U.S. honing nuclear detection at borders
Vehicles passing through a busy border crossing are also subject to nuclear radiation scans. Border officials have been perfecting the use of the devices — even though they are prone to set off alarms for items such as kitty litter, ceramic tile or bananas.
“Nuclear materials such as uranium and plutonium are not the only materials that emit radiation,” Vayl Oxford, who directs the Homeland Security Department’s nuclear office, told a House Appropriations panel this week.
The machines, first installed after the Sept. 11, 2001 terrorist attacks, measure gamma radiation, but cannot distinguish between low levels of gamma rays that occur naturally in innocent materials, and the makings for weapons that terrorists might use.
So the inspectors must pull the truck or container aside for a second inspection with a hand-held scanner, which, at the nation’s busiest ports or border crossings, can lead to backed-up lines that anger drivers and slow commerce.
“Naturally occurring radioactive materials … place an enormous burden on our customs offices, who must respond to all radiation alarms, including those caused by innocent goods,” Oxford told the Appropriations subcommittee. He explained that distance, dense materials like steel and lead, and the speed at which trucks carrying cargo move — about 5 mph — all affect the scanners’ effectiveness.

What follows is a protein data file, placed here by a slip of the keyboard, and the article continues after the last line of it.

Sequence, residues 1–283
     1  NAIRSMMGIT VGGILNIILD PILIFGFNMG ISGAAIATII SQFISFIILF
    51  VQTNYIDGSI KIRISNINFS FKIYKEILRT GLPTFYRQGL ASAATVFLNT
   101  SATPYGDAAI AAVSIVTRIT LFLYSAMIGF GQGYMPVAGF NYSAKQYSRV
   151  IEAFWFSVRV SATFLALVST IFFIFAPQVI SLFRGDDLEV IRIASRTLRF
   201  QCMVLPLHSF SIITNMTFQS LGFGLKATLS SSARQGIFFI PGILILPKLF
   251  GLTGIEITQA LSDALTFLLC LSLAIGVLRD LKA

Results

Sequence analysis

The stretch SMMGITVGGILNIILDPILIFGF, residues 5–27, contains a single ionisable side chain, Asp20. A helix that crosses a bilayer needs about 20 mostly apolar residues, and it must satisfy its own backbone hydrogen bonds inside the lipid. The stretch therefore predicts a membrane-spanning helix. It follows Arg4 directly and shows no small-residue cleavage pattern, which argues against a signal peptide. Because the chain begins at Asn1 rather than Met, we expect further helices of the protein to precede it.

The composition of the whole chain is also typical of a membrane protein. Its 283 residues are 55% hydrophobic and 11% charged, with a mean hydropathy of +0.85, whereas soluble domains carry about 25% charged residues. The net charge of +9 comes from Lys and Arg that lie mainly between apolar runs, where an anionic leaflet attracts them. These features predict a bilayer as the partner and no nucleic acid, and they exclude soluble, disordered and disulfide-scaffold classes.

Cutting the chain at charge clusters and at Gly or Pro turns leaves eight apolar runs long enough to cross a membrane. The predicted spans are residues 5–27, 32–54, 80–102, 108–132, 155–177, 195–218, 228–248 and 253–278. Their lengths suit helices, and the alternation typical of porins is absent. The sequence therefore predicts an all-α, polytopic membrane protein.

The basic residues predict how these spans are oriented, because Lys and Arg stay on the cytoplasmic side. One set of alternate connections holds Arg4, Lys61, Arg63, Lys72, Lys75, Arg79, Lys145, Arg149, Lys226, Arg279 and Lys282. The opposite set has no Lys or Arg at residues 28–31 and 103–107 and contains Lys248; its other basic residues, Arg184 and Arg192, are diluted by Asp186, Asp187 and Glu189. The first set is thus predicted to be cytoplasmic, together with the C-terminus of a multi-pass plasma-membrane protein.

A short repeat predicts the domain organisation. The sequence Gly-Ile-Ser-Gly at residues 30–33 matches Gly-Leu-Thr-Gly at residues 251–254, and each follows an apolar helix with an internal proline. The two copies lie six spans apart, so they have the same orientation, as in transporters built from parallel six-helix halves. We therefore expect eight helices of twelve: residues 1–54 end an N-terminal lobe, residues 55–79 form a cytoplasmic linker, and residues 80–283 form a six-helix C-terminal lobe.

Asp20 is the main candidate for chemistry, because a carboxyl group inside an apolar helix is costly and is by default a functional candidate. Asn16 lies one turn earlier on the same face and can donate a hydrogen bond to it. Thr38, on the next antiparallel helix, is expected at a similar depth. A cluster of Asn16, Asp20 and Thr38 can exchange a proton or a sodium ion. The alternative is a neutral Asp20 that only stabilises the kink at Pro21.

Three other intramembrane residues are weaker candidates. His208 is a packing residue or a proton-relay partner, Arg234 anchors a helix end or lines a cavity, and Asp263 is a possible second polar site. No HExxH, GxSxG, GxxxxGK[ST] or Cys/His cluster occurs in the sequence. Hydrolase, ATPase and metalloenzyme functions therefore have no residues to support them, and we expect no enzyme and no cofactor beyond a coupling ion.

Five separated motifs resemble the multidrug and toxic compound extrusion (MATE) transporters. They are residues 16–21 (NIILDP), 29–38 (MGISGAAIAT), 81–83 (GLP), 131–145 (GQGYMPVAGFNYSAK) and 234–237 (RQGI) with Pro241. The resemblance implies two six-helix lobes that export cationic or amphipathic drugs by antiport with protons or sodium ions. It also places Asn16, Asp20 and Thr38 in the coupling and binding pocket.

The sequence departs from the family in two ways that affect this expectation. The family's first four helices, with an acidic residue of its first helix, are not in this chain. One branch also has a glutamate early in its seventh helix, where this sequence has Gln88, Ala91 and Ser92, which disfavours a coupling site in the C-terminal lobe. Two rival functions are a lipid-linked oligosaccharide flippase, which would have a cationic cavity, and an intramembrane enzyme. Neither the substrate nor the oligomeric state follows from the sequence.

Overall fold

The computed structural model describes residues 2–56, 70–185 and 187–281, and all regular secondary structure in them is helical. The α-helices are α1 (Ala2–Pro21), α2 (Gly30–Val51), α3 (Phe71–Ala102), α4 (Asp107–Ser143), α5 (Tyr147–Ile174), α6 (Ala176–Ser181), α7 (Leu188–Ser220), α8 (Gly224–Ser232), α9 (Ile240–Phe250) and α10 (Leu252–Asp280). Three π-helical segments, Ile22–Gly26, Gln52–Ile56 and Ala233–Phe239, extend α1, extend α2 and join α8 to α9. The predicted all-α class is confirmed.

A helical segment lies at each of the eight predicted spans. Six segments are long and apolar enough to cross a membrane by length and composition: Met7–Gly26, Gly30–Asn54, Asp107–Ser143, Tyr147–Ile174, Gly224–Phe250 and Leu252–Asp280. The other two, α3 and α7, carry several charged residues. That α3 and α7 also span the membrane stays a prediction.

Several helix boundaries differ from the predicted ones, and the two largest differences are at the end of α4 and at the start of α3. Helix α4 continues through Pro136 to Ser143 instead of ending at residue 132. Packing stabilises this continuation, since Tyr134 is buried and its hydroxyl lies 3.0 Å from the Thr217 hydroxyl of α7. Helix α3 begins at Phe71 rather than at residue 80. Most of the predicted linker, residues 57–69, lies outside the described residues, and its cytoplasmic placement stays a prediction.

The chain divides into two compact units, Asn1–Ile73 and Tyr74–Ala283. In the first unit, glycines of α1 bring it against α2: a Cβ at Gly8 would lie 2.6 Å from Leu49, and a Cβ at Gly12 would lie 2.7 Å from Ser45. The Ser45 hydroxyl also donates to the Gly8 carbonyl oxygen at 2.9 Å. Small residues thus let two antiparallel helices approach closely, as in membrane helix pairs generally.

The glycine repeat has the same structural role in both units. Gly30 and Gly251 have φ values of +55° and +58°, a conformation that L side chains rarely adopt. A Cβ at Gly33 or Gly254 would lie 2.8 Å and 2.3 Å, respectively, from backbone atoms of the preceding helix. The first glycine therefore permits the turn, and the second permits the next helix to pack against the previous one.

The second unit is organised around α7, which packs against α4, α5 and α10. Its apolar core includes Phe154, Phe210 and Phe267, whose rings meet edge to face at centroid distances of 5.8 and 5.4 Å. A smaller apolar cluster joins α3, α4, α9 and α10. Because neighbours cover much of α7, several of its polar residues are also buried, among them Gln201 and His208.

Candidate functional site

That’s the dilemma of protecting the United States from nuclear terrorism — a trade-off among accuracy, inconvenience and the expense to taxpayers, The Associated Press reports.
About 900 scanners have been installed at ports and border crossings around the United States. Government officials are working with several companies to develop new nuclear detectors that can actually differentiate the potassium in a banana from that in highly enriched uranium.
Tests being conducted in Nevada this month pit new detectors against the older ones to determine whether the higher accuracy claimed by the makers of the new machines is enough to justify their higher cost — around $377,000 each, more than six times the cost of the older models.
Later this spring, the new machines will undergo a real-world test on the New York waterfront so Customs officers can judge for themselves if they are an improvement. They are also to be used in similar tests along roads leading to the city as part of an effort to set up a protective perimeter starting in 2008.
Last October, the congressional Government Accountability Office reported that the new machines, touted as having fewer false alarms, showed a frightening incidence of “false negatives” — meaning the scanner either misidentified the material as nonthreatening, or failed to detect it at all. That danger is particularly high if the nuclear material is placed beside a nonthreatening substance such as kitty litter, the report said.
To test the new machines, the nuclear office sent trucks carrying radiological materials on 7,000 runs down a row of scanners developed by 10 companies. They chose three finalists whose models are still under evaluation.
Oxford will recommend to Homeland Security Secretary Michael Chertoff following this month’s tests whether the machines should be certified for use. The agency plans to spend $80 million this year to buy 104 of the advanced models, and ultimately wants to put them at 380 border sites. Congress has said that cannot happen until the machines are proven effective, The AP reports.